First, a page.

I have been self employed for 22 years so it’s been a while since I’ve had a regular “job”. I do, however, also teach at the college level and pay for adjuncts are set when you take the job but I have noticed that I really do have to promote my accomplishments. I have to do it far more than the men in the same situation just to get the recognition to keep the job. I have made it a goal to win an award or be published at least once a year. I don’t see my male counterparts going… Read more »

Nina
Nina
6 years ago

I live in London so not sure if this works universally, but I ALWAYS ask a question that relates to women in any interview. From a female interviewer I ask about their personal experience, do they feel that their gender matters in promotions, do they feel the company has enough women at the top, are there good female role models in the company etc etc. From male interviewers I ask more general questions, ie how many of my potential future team/unit are women, or how many people in the management team are women. This makes the interviewer talk positively about… Read more »

MoneyAhoy
MoneyAhoy
6 years ago
Reply to  Nina

That sounds like a very good strategy Nina. Basically just greasing the skids before putting on the boxing gloves. I like it!

amanda
amanda
6 years ago
Reply to  Nina

Wow. That’s pretty brilliant!

Erin
Erin
6 years ago

SInce it seemed that the recession was starting to wane I decided it was a good year to ask for a raise. I presented proof that I was underpaid for my position in my city. I was still rejected. Just gives you more reason to start looking for something else. It seems like employers would realize that, if they want to keep their employees.

Gousalya
Gousalya
6 years ago

I am a woman, and I had no problems asking and had been successful many times getting what I wanted. The only time I did not get what i wanted was because the cap was set and this is at a bank. I did not think my gender made a difference at any point. However I am concerned that age makes a difference.

partgypsy
partgypsy
6 years ago

In my small amount of experience, I have found this to be true. My first “real job” out of college, I was happily working with a set salary. My job was formalized when the study was expanded to multiple sites, and in that meeting meeting with the company that was funding the study, in addition to training we were told how much each of the sites were being given for our salaries, and we need to let him know if we were not receiving it. It was was 13K more than I was receiving. When I returned to work, I… Read more »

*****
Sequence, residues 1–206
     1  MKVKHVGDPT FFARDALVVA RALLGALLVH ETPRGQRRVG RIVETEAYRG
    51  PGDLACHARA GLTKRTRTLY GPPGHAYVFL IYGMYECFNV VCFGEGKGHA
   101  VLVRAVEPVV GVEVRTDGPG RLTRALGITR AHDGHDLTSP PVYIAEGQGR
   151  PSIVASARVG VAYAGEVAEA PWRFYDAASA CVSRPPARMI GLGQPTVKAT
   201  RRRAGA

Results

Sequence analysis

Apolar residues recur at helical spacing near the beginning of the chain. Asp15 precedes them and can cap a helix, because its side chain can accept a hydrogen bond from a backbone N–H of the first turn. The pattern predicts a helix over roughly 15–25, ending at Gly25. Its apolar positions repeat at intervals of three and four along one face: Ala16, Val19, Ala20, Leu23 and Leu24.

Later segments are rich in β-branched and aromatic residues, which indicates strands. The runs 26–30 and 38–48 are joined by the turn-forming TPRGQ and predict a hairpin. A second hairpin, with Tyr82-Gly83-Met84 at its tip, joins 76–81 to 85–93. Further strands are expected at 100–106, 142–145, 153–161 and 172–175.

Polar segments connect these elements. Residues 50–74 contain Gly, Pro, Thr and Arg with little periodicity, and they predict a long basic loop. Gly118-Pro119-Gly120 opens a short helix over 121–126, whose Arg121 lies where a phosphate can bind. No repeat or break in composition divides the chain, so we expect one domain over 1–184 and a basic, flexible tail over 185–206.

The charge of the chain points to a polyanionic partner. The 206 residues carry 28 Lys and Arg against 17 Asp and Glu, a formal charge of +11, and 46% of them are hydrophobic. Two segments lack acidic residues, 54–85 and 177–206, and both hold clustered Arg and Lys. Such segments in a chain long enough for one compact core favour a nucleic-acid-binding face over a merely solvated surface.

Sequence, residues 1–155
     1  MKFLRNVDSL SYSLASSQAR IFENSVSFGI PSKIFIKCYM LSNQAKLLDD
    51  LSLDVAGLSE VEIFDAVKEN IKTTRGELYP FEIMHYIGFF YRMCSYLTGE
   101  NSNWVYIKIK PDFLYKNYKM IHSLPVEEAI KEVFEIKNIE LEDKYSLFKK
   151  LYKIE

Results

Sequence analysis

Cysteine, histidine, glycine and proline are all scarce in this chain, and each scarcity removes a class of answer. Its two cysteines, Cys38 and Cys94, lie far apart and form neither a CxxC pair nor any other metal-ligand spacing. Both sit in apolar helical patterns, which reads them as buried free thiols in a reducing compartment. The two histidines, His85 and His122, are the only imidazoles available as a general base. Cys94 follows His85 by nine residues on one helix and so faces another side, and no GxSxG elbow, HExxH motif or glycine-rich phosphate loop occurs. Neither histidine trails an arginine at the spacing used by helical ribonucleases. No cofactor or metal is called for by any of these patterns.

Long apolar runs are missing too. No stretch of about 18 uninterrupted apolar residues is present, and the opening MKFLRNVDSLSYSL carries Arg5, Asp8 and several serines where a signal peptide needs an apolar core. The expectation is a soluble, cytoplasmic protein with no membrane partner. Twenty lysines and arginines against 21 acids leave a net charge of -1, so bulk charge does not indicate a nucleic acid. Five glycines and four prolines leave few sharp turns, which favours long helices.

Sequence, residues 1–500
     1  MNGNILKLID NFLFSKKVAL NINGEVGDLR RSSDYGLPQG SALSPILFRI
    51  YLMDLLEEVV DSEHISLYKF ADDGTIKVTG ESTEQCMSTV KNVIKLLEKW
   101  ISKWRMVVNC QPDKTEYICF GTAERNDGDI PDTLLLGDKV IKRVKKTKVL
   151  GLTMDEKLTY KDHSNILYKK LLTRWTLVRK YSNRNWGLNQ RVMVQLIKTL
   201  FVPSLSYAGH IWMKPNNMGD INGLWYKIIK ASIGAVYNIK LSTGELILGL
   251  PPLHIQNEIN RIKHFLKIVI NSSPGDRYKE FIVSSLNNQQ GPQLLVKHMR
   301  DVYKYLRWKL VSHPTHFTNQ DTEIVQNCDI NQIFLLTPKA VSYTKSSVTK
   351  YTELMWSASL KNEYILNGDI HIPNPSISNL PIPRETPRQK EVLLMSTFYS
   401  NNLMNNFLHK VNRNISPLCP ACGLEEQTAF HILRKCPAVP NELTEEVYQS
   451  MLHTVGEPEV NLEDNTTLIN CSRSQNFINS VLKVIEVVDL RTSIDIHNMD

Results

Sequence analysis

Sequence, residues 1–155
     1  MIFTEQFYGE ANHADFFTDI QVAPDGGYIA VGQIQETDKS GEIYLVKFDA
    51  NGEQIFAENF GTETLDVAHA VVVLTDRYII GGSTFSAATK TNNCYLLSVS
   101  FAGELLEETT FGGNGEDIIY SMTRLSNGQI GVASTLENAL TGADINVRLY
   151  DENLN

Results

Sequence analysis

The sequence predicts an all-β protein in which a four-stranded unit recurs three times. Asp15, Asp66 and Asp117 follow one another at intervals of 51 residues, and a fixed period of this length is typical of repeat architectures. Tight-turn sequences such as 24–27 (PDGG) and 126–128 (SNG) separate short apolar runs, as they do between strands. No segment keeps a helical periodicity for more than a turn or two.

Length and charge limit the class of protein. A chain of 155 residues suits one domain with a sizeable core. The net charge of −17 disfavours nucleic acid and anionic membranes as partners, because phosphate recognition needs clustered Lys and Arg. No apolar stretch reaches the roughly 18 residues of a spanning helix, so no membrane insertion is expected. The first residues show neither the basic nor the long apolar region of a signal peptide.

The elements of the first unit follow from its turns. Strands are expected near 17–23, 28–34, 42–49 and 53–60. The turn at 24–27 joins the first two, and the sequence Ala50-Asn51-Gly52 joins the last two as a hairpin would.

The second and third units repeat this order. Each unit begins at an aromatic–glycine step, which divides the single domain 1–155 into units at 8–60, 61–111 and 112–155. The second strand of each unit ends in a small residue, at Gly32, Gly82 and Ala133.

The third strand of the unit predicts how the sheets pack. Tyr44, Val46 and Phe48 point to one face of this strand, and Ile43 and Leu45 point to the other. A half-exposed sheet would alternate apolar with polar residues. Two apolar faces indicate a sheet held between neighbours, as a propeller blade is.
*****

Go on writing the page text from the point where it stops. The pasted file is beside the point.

Tiara
Tiara
6 years ago

My experience corresponds with this. First job out of college I was offered a pittance of a salary and had no idea if or how I should negotiate so I didn’t. In a subsequent job, I negotiated for a good increase when going to a new company and the manager involved in hiring me totally resented the salary I had been given and spent the next 6 weeks actively setting me up to get fired, and she succeeded. I now work for a company that treats their employees with respect and have been very happy there for the past 20… Read more »

Kasia
Kasia
6 years ago

I think women need to value themselves more and it’s got nothing to do with being aggressive. I remember my first serious position in a company where I started at the bottom on a low salary. Eighteen months later after proving I was a hard worker and dedicated to the company there was an opportunity to take over a maternity contract, as admin manager. This had been an opportunity to ask for more money. And ask I did. While the boss at the time was apprehensive and gave me arguments as to why such a high salary was not realistic… Read more »

Charlotte
Charlotte
6 years ago

April – My initial thoughts about your story was if you wanted $35K, you should have asked $40K. Then you would have ended up with $35K. Employers expect you to give a higher number than your minimum. Of course better if he gives you the number first. At my last job, I asked for $10K more. They gave me $5K more which was my minimum. I also agree with other commenters that in most cases the only way to get more to is go to another company. That is just the way industries work. I shoot for 15%-20% for every… Read more »

Jon Maroni
Jon Maroni
6 years ago

My wife is currently applying for jobs and much of what you have share here has been true for her. She has felt a perception that if she asks for more in salary there is a huge chance that it will create bitterness on the part of her potential employer. I think even as far as our culture has come, the workforce is still totally unbalanced for women.